Fido is described by some as “Pleasantville meets Night of the Living Dead.” The following is how I describe it.
Fido was directed by Andrew Currie and stars Carrie-Ann Moss, Billy Connolly, Dylan Baker, Henry Czerny, Tim Blake Nelson, and K’Sun Ray. It is set in a 1950-ish sort of environment, only it is after the great zombie wars and all towns are securely fenced off from the zombie infested outlands. However, scientist have found a way to domesticate zombies to use as basic slaves, via some collars. Trouble ensues when a young boy and his family get a zombie with a collar that tends to shut off.. The zombie is named Fido and first becomes a beloved family pet, and then perhaps something more.
The acting in the film is fine, just some of the roles weren’t that great to begin with. My biggest example of this without trying to probe too intellectually and waste time is Dylan Baker as the father. He is a good actor, but the character wasn’t so strong or interesting.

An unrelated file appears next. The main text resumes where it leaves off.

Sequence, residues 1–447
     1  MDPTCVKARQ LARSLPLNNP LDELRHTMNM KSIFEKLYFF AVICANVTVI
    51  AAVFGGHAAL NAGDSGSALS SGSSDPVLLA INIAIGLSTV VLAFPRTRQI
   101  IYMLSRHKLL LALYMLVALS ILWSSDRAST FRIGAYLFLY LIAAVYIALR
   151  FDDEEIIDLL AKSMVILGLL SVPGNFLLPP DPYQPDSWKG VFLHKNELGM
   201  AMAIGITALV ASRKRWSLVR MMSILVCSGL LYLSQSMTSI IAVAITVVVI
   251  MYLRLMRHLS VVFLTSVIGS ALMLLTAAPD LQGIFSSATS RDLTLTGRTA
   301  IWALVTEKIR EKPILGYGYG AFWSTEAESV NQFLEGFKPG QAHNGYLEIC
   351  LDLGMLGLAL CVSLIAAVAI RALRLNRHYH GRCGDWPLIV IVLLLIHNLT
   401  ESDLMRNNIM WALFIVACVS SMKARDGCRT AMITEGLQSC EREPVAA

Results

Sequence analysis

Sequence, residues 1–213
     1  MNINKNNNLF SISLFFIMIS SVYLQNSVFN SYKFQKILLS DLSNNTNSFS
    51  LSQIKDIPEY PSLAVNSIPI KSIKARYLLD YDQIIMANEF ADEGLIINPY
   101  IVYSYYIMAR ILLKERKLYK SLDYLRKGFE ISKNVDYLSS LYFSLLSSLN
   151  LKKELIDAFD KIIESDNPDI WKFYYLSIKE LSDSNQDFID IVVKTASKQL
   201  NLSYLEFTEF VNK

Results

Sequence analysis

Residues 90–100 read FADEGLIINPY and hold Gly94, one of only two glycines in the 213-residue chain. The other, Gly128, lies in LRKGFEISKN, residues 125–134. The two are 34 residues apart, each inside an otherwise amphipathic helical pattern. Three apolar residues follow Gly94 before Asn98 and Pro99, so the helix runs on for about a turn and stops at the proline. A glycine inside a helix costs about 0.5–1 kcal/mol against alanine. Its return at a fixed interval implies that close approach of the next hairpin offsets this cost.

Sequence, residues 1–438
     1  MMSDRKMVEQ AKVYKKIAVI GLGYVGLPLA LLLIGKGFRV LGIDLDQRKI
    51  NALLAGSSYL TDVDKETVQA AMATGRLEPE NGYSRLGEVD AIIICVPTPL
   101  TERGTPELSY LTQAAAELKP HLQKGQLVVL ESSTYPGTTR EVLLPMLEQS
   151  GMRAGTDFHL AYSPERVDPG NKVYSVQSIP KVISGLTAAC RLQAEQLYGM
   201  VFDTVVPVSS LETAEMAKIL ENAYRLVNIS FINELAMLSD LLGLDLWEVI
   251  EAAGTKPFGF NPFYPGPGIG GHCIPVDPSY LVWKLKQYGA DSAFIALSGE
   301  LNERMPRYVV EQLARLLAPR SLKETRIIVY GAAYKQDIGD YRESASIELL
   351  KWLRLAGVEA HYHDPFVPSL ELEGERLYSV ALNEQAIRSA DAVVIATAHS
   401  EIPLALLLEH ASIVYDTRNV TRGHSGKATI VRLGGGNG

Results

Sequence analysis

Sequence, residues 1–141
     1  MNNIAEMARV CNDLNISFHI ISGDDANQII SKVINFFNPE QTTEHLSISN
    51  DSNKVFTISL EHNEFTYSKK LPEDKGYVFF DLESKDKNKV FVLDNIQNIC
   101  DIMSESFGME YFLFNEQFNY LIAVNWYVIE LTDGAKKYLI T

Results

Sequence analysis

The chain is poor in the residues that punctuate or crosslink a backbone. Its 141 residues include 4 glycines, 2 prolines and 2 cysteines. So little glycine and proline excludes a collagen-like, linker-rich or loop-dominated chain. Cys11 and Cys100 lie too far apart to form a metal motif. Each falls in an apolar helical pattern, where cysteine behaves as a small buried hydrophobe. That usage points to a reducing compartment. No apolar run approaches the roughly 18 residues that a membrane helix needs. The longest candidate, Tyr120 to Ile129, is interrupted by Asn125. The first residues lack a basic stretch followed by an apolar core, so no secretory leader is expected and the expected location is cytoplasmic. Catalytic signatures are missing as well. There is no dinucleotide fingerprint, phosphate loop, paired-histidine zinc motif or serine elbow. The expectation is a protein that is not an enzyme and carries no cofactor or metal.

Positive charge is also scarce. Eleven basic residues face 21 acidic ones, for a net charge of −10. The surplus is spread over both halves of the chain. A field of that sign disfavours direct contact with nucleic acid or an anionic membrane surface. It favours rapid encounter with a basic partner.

The movie is very slow. It is only around an hour and a half long, yet I felt like I had just sat through at least 2 hours of film or more. The concept is extremely creative and very entertaining to think about, and there are indeed many moments of sheer hilarity. However, the story itself somehow stretches into a disjointed ill-paced snoozer.
People who shy away from horror movies should not be turned off by the involvement of zombies. If anything this is more of an artsy satire for film fans as opposed to horror genre diehards looking for the gore and mayhem.
The movie gets a lot of credit for being an entertaining concept, and for being funny in lots of places. The slow pace is only forgivable for one viewing, however, and though I’ll never forget the film it still won’t make any future lists of mine for great movies; though that could also be because I probably won’t waste my time with making such a list. An entertaining concept to check out, hilarious in parts, but overall a bit too zombie paced.